I tried to take my parents to as many places as I could without exhausting them. I worked mornings, and showed them around Camp Magruder and the Oregon Coast most afternoons. We saw Short Sand Beach, Neahkanie Mountain, Cannon Beach, Cape Meares, Muson Creek Falls, Tillamook Cheese Factory, and lots of great places to
eat. One day we were walking the trail that leads up the camp’s big sand dune. It’s about 150 feet tall and gives you some amazing views of the ocean. I just meant to take my parents to an early view point, but my dad insisted we continue walking the dune. As we walked, I kept hearing my dad say, “This is cool.” I repeated a similar string of lines the first time I walked the dune trail.
It was such an uplifting feeling to see my mom and dad wowed by all these things that have wowed me. I am confident in my own wonder and awe with everything here. It pulls on me and brings me into this joyous space. I am so happy to be alive, but even more, so happy to be alive in such a place. I’m finding this new version of myself, something I’ve been searching for. I’m finding part of it here. I just hope that the people I love understand this too. To hear my parents talk about how amazing this place is, to repeat some of the same things I’ve said myself about these places gave me such a warm, comforting feeling.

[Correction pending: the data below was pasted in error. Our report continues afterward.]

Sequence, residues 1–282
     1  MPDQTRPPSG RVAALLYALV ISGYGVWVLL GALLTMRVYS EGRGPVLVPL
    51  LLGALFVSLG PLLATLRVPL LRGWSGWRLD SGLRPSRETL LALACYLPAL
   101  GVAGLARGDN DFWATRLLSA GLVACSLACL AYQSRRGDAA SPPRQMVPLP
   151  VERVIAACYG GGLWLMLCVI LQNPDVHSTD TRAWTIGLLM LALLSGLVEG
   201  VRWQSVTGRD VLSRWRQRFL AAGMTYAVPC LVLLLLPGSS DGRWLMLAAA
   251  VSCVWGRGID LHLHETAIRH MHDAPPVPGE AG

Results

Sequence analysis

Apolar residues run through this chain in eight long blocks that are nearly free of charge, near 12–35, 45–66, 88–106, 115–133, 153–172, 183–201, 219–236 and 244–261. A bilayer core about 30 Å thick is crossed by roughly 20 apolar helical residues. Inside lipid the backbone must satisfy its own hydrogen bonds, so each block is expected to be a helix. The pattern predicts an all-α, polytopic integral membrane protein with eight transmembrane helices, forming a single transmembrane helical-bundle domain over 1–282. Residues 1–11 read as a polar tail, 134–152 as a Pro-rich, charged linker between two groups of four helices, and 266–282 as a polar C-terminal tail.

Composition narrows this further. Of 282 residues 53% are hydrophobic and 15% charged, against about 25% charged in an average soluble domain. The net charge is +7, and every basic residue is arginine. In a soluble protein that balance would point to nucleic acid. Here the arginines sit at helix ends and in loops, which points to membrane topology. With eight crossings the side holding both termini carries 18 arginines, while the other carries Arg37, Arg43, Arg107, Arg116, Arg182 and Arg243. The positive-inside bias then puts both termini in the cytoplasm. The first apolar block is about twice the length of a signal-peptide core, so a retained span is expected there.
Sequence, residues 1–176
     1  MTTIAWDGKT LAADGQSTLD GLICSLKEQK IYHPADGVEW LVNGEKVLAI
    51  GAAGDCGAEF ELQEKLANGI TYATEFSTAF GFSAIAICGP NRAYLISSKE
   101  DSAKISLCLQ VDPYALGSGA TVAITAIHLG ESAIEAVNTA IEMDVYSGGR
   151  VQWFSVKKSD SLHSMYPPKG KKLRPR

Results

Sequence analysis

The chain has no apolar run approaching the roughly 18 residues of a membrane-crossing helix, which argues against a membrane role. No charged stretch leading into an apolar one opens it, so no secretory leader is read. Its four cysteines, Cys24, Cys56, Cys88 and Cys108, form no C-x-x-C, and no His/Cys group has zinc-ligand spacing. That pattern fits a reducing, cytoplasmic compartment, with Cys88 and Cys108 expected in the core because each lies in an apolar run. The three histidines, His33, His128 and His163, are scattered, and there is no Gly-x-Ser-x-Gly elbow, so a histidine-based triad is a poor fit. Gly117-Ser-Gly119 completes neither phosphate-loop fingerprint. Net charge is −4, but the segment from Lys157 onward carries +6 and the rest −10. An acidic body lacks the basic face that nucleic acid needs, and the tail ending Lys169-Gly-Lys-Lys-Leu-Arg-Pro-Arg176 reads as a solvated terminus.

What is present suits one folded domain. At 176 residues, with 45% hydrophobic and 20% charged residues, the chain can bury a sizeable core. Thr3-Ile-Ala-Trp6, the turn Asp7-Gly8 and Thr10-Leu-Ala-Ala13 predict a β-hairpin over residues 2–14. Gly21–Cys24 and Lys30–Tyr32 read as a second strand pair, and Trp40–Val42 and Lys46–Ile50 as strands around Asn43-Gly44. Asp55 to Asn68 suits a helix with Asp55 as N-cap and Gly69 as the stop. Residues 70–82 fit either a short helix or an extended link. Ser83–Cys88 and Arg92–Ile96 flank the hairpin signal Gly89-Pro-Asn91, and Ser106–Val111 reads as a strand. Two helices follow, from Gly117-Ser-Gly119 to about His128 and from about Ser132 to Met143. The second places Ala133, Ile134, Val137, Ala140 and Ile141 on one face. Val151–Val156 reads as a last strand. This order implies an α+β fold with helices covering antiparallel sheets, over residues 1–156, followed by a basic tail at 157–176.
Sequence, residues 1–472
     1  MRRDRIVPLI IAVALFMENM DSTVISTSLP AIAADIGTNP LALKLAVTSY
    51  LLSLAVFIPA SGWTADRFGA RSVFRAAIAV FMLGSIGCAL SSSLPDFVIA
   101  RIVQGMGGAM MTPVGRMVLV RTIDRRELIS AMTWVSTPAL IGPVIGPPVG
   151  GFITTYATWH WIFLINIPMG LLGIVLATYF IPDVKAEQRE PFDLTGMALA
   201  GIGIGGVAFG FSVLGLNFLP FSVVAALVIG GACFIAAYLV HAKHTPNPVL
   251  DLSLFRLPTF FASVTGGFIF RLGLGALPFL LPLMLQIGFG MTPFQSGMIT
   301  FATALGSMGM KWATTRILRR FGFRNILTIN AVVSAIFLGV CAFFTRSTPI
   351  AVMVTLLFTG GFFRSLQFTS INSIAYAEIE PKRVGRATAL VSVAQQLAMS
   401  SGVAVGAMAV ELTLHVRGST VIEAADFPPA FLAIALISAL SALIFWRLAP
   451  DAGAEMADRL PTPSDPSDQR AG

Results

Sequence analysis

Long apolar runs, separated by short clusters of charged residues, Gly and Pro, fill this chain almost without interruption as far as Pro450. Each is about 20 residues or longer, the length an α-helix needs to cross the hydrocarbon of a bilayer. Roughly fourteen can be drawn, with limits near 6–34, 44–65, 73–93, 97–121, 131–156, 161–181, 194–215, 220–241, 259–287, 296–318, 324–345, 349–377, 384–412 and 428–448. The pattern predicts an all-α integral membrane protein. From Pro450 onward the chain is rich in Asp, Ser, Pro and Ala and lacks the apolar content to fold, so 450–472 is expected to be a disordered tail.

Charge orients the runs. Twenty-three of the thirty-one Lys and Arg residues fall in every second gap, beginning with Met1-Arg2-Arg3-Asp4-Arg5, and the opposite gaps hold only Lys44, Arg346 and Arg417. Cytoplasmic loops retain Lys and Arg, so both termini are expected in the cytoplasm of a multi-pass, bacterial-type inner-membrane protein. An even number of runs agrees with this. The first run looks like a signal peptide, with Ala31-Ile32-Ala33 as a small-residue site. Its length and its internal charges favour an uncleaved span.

As we grow and change. As we name ourselves, build our homes, fall in love, we are stepping out into brave new lands. We choose these lives for ourselves, and we don’t usually know what will come. We hope desperately that the ones we love will look at us as we grow and still know us, that they will call us by these new names and see inspiration in our loves like we do.
The morning of the last day my parents were here, there was a big minus tide. We walked out on the sand in places that later that day would be several feet under water. We hopped puddles, cross temporary creeks and walked to the edge of the water. We turned and the beach looked so far away. Sometimes you just want to keep walking until you get to the edge of the land. You turn, and that is when you realize that you have come so far. I looked at this place, this wonderful new chapter for me, and there was my mom and dad, the two who have been with me my whole life. I know there will be many more too to share in this joy.
Standing on the balcony of the motel my parents were staying in before flying out the next day, you could see Mount Saint Helens in one direction and Mount Hood in another. The clouds cleared out from them, and we were treated to clear views from our little concrete balcony. The three of us stood there quiet for some time. I put my arm around my mom and my hand on my dad’s strong shoulder. There was this part of me that felt the need to say something, to guide us towards something, to figure out what would be next. I hushed that voice, told it, “this is just fine. Let the moment be what it will be. This is plenty.” We stood there, holding on to it tight. My name disappeared for a while. We were all the same name, but even that was being changed to something new in the sight of those big, beautiful mountains.